by William Hunn
I was in the checkout line at the supermarket when the man in front of me got my attention. He was older, very thin almost frail looking. His basket of stuff was inching toward the cashier on the conveyor.
Excuse me sir, “Do you think you could help me pay for my groceries. I don’t have any money and I need to feed my grandkids”.
Sure enough there were two small boys with him and a woman hovering in the background. The selections on the conveyor reflected the eating preferences of children. “I just started a new job and haven’t been paid yet. We’re staying at the Motel Six. I graduated with my welding certificate last week.” I knew the company he referenced and it matched the kind of work he was qualified for and was not one just anyone would be familiar with. Everything on the conveyor could be prepared in a motel microwave or single hotplate.
While he talked to me, Grandma went off for a flat of bottled water and we sent the boys for a couple bottles of Gatorade. I asked if he had gas money. “no sir, tank’s almost dry” I slipped him a twenty, “Buy some gas”.
As I was about to pay, one of the boys picked up a candy bar and looked up at me hopefully. I nodded assent. Total bill was 38 dollars and change.
They packed up their groceries and left. I turned to deal with my own order. The cashier looked me in the eye and mouthed “Thank You”.
It was Saturday, poker night. I was off to the game at a workmate’s house, down Columbia Rd to Washington Street. It was winter and the beginnings of a “wintry mix” was developing. It was the most direct route but I knew none of my workmates would go that way. Washington Street was the wrong part of town.
I got to Gary’s and we played. The stakes were low and I have no recollection of whether I won or lost. When I left the house, the wintry mix had turned to snow and begun to accumulate. The roads were slippery and driving was treacherous.
As I proceeded slowly back up Washington Street, I saw a van coming toward me and it began to slide into my lane. I steered left as far as I could go but the left front quarter of the van struck the left front quarter of my pickup. We ended up side by side, nose into the curb, so close together that our doors wouldn’t open.
I got out through the passenger door and went around to the driver’s window. He rolled down the window so we could talk. He wanted to exchange information and leave as quick as possible. I wanted to call a cop. He was clearly at fault since his vehicle had lost control and crossed the center line before hitting me. This did not sit well with him and the next thing I knew he was backing up, nearly running me down and left.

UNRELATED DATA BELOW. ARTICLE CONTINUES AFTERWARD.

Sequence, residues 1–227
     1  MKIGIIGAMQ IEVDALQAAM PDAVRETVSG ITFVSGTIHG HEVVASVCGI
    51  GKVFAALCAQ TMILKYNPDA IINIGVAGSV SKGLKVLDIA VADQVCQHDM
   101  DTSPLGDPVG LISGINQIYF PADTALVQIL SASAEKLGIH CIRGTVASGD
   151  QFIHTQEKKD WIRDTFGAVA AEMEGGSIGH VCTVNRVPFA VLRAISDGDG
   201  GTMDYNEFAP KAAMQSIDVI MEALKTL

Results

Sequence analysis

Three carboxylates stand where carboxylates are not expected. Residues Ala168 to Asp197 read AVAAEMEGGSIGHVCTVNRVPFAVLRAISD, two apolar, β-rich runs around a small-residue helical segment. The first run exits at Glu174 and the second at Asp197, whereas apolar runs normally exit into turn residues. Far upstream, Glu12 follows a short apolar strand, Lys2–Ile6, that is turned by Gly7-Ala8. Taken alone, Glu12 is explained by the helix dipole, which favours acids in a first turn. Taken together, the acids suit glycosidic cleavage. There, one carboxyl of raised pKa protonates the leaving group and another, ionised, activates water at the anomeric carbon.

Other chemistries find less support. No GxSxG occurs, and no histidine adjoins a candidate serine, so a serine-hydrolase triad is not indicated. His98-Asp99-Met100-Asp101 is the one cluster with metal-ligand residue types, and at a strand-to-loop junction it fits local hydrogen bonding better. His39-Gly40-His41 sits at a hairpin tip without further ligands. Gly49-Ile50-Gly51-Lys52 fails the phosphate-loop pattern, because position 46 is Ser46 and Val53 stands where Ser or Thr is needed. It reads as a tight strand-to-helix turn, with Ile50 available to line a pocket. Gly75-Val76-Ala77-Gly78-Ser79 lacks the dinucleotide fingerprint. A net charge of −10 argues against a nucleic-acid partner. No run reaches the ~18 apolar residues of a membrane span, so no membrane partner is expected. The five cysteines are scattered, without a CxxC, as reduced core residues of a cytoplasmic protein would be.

I was stranded and I was alone in a part of town not recommended after dark.
There was a store on the corner. I headed that way hoping to find a pay phone. I called 911 and reported what was now a hit and run. They would send someone. I went back to my car to wait. The truck wouldn’t run so there was no point in getting inside. I stood by the rear bumper watching for the cop I hoped would arrive soon. Still snowing, my feet were wet and I was cold.
A beat up old station wagon slowed and stopped. The driver got out and asked me what happened. He invited me to get in the car to get warm and we would wait for the police to arrive. I got in behind the driver. His wife was in the passenger seat ant there were two children on the seat next to me. We made small talk until the police arrived.
The police arranged for a tow truck and asked me into their car to take notes for their report. Seeing that things were under control, my Samaritan took his leave and I thanked him profusely. After my truck was in tow the cops offered to drive me home. Shortly after we turned right onto Columbia Road, we found the van abandoned in the middle of the road. We stopped briefly so they could look at the damage and get the license number. As we continued on to my house the cops assured me that the van would be called in stolen the next morning.
As I pondered the events of the evening I had no doubt that had my benefactor found himself in similar circumstances in my neighborhood, he would have received no help. None of my workmates would have slowed down let alone stop the car and allow him into the back seat with their children.
We are all somehow the sum of the events of our lives. I would like to believe in Karma; as ye sow, so shall ye reap but who really knows. In the end, given a choice, I choose kindness.